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This is a discussion on teeth within the Horse Health forums, part of the Keeping and Caring for Horses category
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    11-06-2010, 07:10 PM
Green Broke

Sooo I was looking at gidget's teeth and she needs them floated!
They have huge rivits infront..looks gross...anyways her teeth weren't like this. The dry lot has granite and I feed her on the ground but wondering if I should start putting her in a stall to eat or lay down a mat or put it out in the pasture for her to eat...i am thinking the granite is doing no good to her teeth..what do you think?
The vet said she is about 10 years old. She isn't dropping any food but again I have to wet her food down and so it's a mush when I give it to her.

Who believes in floating and who doesn't?
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    11-06-2010, 07:37 PM
*Every* horse needs to have their teeth floated at some interval.. I don't think it's something that you can really afford to 'believe' in.

You can put her in a stall to monitor feed intake. But if the ground isn't sand, I would be OK with it.
    11-06-2010, 07:50 PM
Generally speaking - we get the horses teeth floated at least once a year. Your Friendly Horse Dentist shoudl be able to tell you how often your particular horse will need its teeth done though
    11-06-2010, 07:52 PM
I'm sure that 99% of the folks will tell you to float teeth at a regular interval, but it really depends a lot on the horse's diet. Many horses that are strictly grass/hay eaters that have a lot of chew time rarely need their teeth floated. I would certainly do it if they needed it, but our mares (6/8/16 yrs) that are on free choice hay have never needed it done.

BTW, I don't think the granite has anything to do with it.
    11-06-2010, 09:37 PM
Green Broke
Alright. I was curious on what you all thought.I am not trying to squeeze by and not get her teeth done because well I believe they need to be done. Some people say that you don't need to...I disagree. Anyways I will see if I can get a picture tonight. Should be interesting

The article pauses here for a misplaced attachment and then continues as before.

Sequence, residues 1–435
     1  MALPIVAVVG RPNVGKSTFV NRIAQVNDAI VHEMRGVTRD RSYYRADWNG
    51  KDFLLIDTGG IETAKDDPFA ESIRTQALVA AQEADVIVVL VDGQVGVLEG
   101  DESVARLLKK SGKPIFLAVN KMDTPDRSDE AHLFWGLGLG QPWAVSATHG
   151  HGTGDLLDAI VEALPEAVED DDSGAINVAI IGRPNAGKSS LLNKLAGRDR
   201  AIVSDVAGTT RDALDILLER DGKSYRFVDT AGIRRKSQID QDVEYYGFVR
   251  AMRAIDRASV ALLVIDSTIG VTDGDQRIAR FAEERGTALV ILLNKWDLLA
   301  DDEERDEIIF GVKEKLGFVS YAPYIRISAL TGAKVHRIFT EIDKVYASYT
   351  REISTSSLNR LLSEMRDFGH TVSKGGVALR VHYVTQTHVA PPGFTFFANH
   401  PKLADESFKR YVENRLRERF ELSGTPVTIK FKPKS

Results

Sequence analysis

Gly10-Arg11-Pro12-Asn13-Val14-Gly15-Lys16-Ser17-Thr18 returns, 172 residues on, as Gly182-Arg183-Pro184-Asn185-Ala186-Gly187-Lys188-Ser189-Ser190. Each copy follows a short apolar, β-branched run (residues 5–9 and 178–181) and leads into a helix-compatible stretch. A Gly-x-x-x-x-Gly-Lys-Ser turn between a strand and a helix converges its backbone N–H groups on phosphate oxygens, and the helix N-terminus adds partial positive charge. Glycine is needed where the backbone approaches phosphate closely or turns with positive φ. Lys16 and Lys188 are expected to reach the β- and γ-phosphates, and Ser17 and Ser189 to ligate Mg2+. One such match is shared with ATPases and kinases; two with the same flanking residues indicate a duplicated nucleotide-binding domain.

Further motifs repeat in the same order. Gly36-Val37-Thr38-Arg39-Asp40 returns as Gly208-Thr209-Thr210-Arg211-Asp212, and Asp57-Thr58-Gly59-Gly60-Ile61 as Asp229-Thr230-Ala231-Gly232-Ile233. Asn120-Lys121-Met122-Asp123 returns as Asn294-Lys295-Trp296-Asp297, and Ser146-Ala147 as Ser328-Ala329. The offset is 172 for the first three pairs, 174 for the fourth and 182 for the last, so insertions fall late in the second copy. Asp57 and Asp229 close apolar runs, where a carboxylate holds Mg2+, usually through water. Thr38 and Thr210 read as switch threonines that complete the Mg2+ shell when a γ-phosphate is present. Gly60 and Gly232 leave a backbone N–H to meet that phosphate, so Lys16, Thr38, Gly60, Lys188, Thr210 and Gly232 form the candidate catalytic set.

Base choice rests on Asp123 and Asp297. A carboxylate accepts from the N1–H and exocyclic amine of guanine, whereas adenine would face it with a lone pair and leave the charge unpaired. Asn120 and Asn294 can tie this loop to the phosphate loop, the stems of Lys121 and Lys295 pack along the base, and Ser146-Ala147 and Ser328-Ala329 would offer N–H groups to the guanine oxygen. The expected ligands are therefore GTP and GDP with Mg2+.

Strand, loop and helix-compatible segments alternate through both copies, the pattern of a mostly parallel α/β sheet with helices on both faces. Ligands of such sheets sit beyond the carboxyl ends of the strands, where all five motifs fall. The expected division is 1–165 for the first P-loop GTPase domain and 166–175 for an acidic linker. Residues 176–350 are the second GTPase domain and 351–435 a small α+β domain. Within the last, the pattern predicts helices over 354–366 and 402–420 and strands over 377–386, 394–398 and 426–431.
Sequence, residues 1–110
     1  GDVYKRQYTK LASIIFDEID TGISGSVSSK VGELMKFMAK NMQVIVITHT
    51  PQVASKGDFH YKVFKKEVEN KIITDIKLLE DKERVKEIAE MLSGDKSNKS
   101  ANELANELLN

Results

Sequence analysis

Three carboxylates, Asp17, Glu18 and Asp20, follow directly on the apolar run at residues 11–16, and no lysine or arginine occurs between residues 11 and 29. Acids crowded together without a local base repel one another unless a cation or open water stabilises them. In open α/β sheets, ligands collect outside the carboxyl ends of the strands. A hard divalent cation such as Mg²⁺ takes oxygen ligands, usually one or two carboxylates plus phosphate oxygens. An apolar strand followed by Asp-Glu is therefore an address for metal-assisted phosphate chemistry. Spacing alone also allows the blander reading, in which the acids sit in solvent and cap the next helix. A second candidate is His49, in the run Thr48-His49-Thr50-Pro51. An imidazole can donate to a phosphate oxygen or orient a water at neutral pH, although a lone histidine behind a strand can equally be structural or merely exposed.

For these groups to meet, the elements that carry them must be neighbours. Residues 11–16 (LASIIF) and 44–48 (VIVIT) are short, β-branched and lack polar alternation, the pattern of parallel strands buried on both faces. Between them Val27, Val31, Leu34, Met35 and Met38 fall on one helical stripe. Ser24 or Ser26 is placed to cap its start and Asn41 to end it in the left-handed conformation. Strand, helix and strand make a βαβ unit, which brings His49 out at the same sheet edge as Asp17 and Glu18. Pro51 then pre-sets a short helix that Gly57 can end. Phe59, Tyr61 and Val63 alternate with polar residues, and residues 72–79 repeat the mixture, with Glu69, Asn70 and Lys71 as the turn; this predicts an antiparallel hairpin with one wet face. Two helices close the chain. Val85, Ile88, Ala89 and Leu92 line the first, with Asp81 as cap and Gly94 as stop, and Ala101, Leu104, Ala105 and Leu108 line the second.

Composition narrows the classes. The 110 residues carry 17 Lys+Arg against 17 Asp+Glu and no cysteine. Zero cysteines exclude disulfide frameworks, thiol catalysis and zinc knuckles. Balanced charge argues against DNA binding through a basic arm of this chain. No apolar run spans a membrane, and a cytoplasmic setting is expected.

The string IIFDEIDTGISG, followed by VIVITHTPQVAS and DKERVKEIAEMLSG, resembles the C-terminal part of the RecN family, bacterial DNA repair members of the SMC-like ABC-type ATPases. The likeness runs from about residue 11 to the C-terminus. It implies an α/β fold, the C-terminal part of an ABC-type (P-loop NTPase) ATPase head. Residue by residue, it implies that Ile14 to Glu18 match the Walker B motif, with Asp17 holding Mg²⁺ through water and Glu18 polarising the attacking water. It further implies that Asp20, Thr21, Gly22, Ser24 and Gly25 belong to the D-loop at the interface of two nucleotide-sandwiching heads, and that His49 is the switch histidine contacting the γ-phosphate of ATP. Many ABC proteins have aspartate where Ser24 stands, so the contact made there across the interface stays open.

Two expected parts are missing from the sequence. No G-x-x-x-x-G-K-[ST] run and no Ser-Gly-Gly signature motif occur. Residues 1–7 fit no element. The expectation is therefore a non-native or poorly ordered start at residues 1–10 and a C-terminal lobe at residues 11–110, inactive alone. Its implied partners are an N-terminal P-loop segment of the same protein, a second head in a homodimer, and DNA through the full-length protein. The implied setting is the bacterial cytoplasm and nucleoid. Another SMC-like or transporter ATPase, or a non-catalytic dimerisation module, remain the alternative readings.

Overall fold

11-06-2010, 10:48 PM
No one should NOT believe in getting horses teeth floated. It is something that really should be done and for some horses is a MUST. I know what you mean though, there are those people that think it's silly and too high maintence...psh. We have our horses done once or twice a year, but before that I don't think they ever got done and one of them is 25! (that's like 23 years of not having her teeth floated! EEEEEK)
    11-06-2010, 10:56 PM
Teeth should be checked annually - like when they get their shots each spring. Some horses need checked more often - like young horses who are still cutting teeth or cribbers or older horses who have missing teeth. These may have real problems if they aren't floated. The tooth opposite the missing tooth has nothing to 'grind' against so it gets long and interferes with the chewing/grinding action. That in turn prevents the horse from digesting the feed properly so it may have health problems or problems keeping weight on.

If horse owners don't "believe" in dental care for their horse, it's because they are uninformed -- or unwilling to pay the money to have it done, and therefore an irresponsible horse owner. Once you see the cut and scarred cheeks inside the mouth of a horse who has neglected dental issues, you will be a believer. (Sorry for being on a soapbox!)
    11-07-2010, 11:27 AM
I agree with all of yall and in my Veterinary college anatomy class someone asked " what about the horses in the wild?" The non equine teacher was even like "they don't live as long as the ones in captivity".

Dogs should get it done too.

I think I paid $75 for my mare to get hers done.
    11-07-2010, 12:38 PM
Green Broke
Here are pictures of her teeth. Are these considered bad?
I think they look horrible. Going to see if I can get the vet out soon.
Oh and one time she bit down on a rock..not sure if that could have chipped her teeth.

    11-07-2010, 03:09 PM
It is not the front teeth that usually are in need of the float. It is the molars. They get sharp hooks, and things called ramps, waves, and steps. The vet will work on the front teeth to. But that is usually minor to the work the molars need.
Sharp points can cut the inside of the horses mouth, and the uneven wear can cause difficulty in chewing, and loss of the amount of nutrition the horse gets from its feed.

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